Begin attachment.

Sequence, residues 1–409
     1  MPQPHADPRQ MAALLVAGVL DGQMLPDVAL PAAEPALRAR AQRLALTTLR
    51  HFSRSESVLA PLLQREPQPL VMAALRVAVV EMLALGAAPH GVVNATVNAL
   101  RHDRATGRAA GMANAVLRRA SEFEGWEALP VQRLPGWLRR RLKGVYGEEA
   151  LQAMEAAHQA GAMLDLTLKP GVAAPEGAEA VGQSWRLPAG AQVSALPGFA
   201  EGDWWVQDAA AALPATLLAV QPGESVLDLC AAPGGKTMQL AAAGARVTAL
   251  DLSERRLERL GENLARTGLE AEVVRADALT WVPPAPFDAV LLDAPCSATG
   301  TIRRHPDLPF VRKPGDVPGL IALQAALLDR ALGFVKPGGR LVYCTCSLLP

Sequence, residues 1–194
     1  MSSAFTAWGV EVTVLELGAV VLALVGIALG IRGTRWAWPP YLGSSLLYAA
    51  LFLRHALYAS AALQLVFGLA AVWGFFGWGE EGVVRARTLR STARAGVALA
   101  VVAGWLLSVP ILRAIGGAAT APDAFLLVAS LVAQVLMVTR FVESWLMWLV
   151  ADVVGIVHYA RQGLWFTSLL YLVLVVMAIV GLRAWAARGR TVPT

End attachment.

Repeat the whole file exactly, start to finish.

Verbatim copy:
Sequence, residues 1–409
     1  MPQPHADPRQ MAALLVAGVL DGQMLPDVAL PAAEPALRAR AQRLALTTLR
    51  HFSRSESVLA PLLQREPQPL VMAALRVAVV EMLALGAAPH GVVNATVNAL
   101  RHDRATGRAA GMANAVLRRA SEFEGWEALP VQRLPGWLRR RLKGVYGEEA
   151  LQAMEAAHQA GAMLDLTLKP GVAAPEGAEA VGQSWRLPAG AQVSALPGFA
   201  EGDWWVQDAA AALPATLLAV QPGESVLDLC AAPGGKTMQL AAAGARVTAL
   251  DLSERRLERL GENLARTGLE AEVVRADALT WVPPAPFDAV LLDAPCSATG
   301  TIRRHPDLPF VRKPGDVPGL IALQAALLDR ALGFVKPGGR LVYCTCSLLP

Sequence, residues 1–194
     1  MSSAFTAWGV EVTVLELGAV VLALVGIALG IRGTRWAWPP YLGSSLLYAA
    51  LFLRHALYAS AALQLVFGLA AVWGFFGWGE EGVVRARTLR STARAGVALA
   101  VVAGWLLSVP ILRAIGGAAT APDAFLLVAS LVAQVLMVTR FVESWLMWLV
   151  ADVVGIVHYA RQGLWFTSLL YLVLVVMAIV GLRAWAARGR TVPT